Notebook computer for photo editing?

Discussion in 'Digital Photography' started by Tim Green, Jun 24, 2004.

  1. Tim Green

    Tim Green Guest

    I'm looking for a Centrino/Pentium M based notebook computer with a
    screen that's good enough for photo editing, particularly as regards
    color accuracy. I just returned a Samsung P30 -- it was a beautiful
    machine but the blue tint of the backlight made it completely
    impossible to judge and adjust photo colors accurately.

    Are there any notebooks around that fit this bill? I can't seem to find
    much information on the subject, despite extensive searches. I've heard
    reports that Sony and Toshiba machines are quite good in this respect,
    but after being burned once I'd like to hear from photographers who are
    really using notebooks for photo editing before committing myself again.
    (A Powerbook isn't an option, unfortunately, as I work in the Windows
    software industry and need access to a Windows machine for my work
    while I'm on the road.)

    Also, does anyone know any online test sites that look at equipment like
    this from a photographer's point of view?
     
    Tim Green, Jun 24, 2004
    #1
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  2. Tim Green

    Pete Guest

    If you're serious about your photo work -- and it sounds like you are --
    I'd suggest that there is no such thing as a suitable LCD display, either
    laptop or desktop. The representation of the image simply varies too much
    with small changes in viewing angle. I also don't like the hard edges of
    the display pixels.

    Other than basic cropping and throwing away bad pics, I always wait till I
    get home and get onto my old-fashioned CRT monitor.

    I'm sure some will disagree!

    Pete
     
    Pete, Jun 24, 2004
    #2
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  3. Tim Green

    Tim Green Guest

    If you're serious about your photo work -- and it sounds like you
    are --
    I do understand this, but there are still degrees of unsuitable. The two
    19" Hansol TFTs (Samsung panels) I use on my desktop machine are quite
    acceptable for basic photo editing, for example, with an excellent white
    and black and reasonable color accuracy. I still use the Iiyama CRT for
    fine color work, but the Hansols are fine for quick fixes, which is all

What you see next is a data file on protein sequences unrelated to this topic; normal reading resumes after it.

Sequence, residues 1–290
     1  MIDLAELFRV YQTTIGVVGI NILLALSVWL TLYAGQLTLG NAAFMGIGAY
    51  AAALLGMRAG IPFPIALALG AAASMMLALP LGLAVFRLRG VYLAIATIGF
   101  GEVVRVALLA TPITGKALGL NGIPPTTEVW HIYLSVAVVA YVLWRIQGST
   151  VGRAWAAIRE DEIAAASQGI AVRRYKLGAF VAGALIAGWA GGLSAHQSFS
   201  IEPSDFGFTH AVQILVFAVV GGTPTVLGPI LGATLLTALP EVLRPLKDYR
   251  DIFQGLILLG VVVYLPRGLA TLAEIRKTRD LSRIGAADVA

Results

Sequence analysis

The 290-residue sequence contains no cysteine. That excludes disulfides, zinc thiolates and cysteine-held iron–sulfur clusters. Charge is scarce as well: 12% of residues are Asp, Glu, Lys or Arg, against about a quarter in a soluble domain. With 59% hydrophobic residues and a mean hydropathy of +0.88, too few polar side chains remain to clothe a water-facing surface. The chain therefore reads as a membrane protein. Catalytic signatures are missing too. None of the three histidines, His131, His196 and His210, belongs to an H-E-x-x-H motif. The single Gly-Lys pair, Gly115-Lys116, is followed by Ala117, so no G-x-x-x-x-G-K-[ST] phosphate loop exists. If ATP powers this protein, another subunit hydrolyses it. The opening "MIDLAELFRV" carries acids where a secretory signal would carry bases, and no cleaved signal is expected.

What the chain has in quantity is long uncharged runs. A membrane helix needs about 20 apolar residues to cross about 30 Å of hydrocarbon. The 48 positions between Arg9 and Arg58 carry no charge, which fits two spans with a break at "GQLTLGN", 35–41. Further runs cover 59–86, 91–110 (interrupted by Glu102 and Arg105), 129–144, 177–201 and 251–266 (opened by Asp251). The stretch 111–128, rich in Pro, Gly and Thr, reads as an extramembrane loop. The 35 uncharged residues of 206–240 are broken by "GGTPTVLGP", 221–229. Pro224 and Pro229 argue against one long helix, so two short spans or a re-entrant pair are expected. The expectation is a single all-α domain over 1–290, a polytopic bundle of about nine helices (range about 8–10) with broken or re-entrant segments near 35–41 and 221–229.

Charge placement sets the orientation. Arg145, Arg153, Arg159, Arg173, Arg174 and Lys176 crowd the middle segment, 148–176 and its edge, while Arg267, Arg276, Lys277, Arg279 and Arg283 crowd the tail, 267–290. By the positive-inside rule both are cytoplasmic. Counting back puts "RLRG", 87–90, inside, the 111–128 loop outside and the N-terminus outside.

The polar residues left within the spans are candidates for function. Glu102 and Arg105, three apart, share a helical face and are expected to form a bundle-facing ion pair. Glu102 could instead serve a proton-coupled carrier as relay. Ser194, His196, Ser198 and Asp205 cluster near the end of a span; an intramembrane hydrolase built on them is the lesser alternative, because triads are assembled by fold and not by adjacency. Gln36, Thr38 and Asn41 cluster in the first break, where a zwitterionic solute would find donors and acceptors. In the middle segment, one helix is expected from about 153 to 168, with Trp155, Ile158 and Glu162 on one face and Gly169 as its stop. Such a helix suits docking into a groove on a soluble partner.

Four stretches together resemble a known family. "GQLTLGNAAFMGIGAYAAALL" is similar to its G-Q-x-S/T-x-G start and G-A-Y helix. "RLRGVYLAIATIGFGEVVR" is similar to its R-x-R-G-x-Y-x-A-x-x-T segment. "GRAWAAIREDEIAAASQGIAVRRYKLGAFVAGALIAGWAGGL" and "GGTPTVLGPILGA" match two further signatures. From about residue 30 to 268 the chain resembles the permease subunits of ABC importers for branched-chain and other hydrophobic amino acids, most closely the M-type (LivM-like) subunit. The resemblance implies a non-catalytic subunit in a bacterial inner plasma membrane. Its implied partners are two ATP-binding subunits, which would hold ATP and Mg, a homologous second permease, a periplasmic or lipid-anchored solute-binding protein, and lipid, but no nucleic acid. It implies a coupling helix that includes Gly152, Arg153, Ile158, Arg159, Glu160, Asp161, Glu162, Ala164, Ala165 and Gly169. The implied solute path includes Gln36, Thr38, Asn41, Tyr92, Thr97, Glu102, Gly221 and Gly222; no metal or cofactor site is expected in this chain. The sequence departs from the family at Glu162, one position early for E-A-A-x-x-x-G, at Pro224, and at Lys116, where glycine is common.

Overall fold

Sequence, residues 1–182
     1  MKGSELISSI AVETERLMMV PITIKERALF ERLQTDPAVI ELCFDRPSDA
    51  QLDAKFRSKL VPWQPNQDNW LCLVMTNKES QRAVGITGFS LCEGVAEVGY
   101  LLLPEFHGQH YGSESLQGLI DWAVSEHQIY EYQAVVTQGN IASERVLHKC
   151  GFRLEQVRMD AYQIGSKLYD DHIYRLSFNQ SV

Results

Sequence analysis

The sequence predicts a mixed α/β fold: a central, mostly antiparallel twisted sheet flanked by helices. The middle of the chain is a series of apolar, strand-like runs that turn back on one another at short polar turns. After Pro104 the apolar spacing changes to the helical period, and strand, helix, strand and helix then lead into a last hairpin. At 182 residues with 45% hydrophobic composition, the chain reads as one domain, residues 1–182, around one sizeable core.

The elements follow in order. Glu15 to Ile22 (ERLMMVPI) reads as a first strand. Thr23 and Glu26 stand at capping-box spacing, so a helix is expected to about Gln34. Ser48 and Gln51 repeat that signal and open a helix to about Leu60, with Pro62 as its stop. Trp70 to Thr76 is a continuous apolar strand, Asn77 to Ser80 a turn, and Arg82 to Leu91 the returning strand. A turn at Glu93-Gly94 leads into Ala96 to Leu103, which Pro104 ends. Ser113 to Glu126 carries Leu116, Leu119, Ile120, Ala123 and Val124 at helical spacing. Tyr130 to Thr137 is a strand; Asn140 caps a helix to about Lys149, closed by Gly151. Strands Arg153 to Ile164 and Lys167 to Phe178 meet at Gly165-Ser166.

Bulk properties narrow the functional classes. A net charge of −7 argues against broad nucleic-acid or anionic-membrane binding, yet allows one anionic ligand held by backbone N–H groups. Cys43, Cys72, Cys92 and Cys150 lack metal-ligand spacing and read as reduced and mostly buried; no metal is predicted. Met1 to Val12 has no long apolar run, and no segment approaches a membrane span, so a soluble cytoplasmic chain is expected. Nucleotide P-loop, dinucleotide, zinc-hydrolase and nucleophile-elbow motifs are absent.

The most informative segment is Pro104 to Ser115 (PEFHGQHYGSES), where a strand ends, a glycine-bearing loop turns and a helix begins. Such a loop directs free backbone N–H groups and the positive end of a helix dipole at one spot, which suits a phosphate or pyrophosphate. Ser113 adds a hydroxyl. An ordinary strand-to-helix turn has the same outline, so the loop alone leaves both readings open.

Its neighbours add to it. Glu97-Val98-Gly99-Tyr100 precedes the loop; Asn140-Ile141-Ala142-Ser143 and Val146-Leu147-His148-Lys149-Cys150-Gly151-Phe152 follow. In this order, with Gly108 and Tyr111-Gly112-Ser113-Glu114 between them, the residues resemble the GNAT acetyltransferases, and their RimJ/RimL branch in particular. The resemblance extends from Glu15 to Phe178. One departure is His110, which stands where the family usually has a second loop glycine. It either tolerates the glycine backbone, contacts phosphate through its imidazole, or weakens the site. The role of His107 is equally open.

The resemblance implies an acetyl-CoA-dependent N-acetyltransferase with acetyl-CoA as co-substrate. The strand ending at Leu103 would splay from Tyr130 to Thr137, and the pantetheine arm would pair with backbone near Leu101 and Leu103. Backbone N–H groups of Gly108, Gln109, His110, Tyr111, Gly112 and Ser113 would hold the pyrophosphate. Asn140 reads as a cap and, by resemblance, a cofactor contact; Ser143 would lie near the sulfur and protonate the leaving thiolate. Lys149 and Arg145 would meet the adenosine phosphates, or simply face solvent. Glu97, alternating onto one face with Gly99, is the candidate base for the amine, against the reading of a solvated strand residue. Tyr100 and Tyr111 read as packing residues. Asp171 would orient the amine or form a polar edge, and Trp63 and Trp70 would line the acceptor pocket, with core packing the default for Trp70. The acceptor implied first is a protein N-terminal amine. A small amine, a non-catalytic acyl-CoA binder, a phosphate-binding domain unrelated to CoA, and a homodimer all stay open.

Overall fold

I want on the notebook as well. Viewing angle has also improved
    dramatically over the last couple of years; on desktop TFTs it's really
    not much of a problem any more.

    The Samsung notebook screen was so blue that it simply wasn't possible
    to have even a vague idea of what the colors might look like -- although
    "untrained" users really don't seem to notice it unless you specifically
    point it out to them.

    I'd be interested to hear what photojournalists use, for example -- I
    don't believe that they lug CRTs all over the world with them, and I
    know that lots of them post on the go from hotspots etc. I suppose they
    leave most of the editing up to the art department, but I'm sure that
    there are some who care enough to want to do at least some of it
    themselves.
    Well, in my case that would sometimes mean waiting a month, and I'd
    really like to be able to do at least some basic work while I'm on the
    road.
     
    Tim Green, Jun 24, 2004
    #3
  4. Tim Green

    ERich10983 Guest

    I spend three months at an RV site in Florida, so lugging around a 19" CRT
    monitor is out of the question. I went into Best Buy on a slow Monday morning,
    plugged my laptop into a whole series of LCD monitors and decided on the Sony
    SDM-HS93 as giving me the best color and contrast for my needs. I also just
    bought an HP Pavilion zx5180us laptop that I'm very satisfied with.

    The display in the laptop by itself would be good enough, but I really do like
    the larger external display.

    At some point, we have to decide what is "good enough" and be happy with that.
    I have a system that I can work with, is portable, and gives me the results I
    want.

    Earle Rich
    Mont Vernon, NH
     
    ERich10983, Jun 24, 2004
    #4
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